The Tax Man Floodeth May 19, 2010Posted by ravana in Uncategorized.
It’s a tropical country. It rains a lot. We have something called ‘the monsoon’. It’s world famous, happens every year. So, you could say, heavy rain is not exactly unexpected in Sri Lanka. You would think they were prepared for it by now.
Why do we have a Drainage Board? What do they do there?Apart from scratching their peanuts, I mean.
Every year, heavy rain is used as an excuse for ruined roads, late meetings and low productivity. And now, even powercuts and shortened parliamentary sessions. I kid you not – the distribution for North Colombo’s electricity is under water, and yesterday they finished sessions at 2pm, for fear of being trapped inside parliament by the imminent flooding of the Diyawanna Oya. I wish.
If government had not approved the building of a 11-hole golf course named Water’s Edge on Colombo’s biggest flood outlet, perhaps this wouldn’t be happening with such frequency. Certainly, the flooding of Rajagiriya, at least, has become an annual event because of it, I’ll wager. Before Water’s Edge, I remember Rajagiriya flooding just once. Seriously, it’s not hard to figure out: every year, around this time, as a school kid, I used to pass by where Water’s Edge is now – twice a day – and marvel at how the entire plain turned into a lake during the rains. Surely, it doesn’t take a rocket scientist, or even an Urban Development Authority expert, to figure out that when you build something on the ground where the water used to go, thereby raising the level of the ground much higher, then the water will find some other lower place to go to. I learnt this playing in the mud with coloured cups when I was about four. Damn it – I really should have said something.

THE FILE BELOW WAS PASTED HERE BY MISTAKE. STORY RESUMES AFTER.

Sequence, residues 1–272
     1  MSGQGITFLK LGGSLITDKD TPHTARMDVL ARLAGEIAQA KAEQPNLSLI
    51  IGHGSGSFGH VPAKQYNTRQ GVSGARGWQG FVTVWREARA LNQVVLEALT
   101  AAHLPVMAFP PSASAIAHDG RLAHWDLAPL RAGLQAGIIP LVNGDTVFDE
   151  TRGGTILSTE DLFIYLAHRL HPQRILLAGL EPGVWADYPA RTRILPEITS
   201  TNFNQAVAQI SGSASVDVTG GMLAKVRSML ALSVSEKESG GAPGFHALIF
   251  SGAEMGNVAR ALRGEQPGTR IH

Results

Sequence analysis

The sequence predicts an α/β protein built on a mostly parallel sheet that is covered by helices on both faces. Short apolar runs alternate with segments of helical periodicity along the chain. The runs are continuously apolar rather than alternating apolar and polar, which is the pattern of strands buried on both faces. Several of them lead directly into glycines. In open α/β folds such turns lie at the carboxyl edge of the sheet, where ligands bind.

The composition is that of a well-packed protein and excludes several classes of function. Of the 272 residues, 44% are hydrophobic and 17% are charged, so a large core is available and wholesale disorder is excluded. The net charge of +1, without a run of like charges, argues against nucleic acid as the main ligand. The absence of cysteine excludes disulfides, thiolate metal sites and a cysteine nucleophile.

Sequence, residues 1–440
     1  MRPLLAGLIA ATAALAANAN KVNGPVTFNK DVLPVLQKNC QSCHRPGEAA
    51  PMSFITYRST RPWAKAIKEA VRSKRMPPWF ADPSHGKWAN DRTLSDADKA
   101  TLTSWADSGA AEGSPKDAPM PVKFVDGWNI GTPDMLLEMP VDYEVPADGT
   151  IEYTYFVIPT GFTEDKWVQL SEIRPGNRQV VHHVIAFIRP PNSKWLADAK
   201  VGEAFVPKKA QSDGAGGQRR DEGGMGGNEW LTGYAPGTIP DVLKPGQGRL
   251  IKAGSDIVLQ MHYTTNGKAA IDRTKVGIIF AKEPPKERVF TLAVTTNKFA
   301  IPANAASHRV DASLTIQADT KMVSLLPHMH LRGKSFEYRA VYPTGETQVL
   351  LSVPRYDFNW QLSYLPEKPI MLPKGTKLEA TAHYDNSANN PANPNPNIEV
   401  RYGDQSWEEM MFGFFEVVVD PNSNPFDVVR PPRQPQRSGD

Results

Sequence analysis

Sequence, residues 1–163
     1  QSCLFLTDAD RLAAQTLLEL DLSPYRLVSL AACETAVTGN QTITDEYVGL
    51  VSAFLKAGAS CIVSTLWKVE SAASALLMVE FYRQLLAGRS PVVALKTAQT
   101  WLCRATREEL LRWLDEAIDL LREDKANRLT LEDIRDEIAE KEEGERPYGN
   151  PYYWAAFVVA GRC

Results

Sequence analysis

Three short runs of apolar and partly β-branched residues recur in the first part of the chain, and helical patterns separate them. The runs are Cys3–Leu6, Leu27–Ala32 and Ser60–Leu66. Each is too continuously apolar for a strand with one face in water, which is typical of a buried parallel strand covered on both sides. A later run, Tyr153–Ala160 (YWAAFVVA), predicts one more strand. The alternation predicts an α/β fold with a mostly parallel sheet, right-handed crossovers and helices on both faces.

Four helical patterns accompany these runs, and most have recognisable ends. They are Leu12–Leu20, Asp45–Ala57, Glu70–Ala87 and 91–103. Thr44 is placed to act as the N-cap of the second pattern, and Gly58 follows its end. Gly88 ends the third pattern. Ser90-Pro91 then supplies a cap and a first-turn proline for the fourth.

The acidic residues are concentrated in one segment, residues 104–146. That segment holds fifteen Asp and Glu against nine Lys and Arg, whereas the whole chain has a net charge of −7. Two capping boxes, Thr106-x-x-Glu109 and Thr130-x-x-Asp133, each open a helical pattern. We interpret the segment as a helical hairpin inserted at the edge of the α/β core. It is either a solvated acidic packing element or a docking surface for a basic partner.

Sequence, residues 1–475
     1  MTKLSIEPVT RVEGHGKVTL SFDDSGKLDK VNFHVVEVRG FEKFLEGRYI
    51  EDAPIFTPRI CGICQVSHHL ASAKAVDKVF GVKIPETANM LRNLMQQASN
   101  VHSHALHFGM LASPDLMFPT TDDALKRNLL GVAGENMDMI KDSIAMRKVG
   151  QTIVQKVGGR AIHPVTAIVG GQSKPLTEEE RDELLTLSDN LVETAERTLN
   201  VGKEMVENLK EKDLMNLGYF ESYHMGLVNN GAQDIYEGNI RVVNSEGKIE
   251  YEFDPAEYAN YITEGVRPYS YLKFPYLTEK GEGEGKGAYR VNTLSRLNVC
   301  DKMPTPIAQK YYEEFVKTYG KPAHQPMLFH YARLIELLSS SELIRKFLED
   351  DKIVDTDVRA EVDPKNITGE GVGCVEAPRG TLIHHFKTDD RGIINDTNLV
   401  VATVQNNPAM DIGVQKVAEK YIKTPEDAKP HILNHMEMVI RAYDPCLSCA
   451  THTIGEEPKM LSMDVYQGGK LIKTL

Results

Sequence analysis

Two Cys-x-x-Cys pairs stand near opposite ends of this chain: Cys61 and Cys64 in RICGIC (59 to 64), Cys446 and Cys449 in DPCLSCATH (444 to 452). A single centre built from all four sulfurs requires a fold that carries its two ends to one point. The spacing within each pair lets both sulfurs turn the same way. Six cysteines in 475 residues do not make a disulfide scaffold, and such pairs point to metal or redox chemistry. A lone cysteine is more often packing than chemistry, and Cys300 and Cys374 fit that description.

Someone sue someone! Oh, wait: they already have, haven’t they? For a bad privatisation, though, that was. Well, sue them again! For causing flooding! Loss of property! Loss of business! Drop in land values! And, while you’re at it, sue them for plain bad taste – what’s the point in a golf course with only eleven holes anyway? It’s like a girl with one and a half tits: even if most days you play right, when you feel like a change, there’s no full game left. Off-centre? Sorry, I digress.
What I want to know is: what’s happening to all that government money saved from not buying ammo and guns, and blowing people up? The sad thing is, if we could get to work, and have some electricity, and spend a full day working, perhaps we could make more stuff, and sell more stuff, and make more profit and increase our incomes. Then you could take more of it in corporation and income taxes, and then you would have enough cash to…
Forget it. Just fix the frigging drains man, it’s getting wet in here.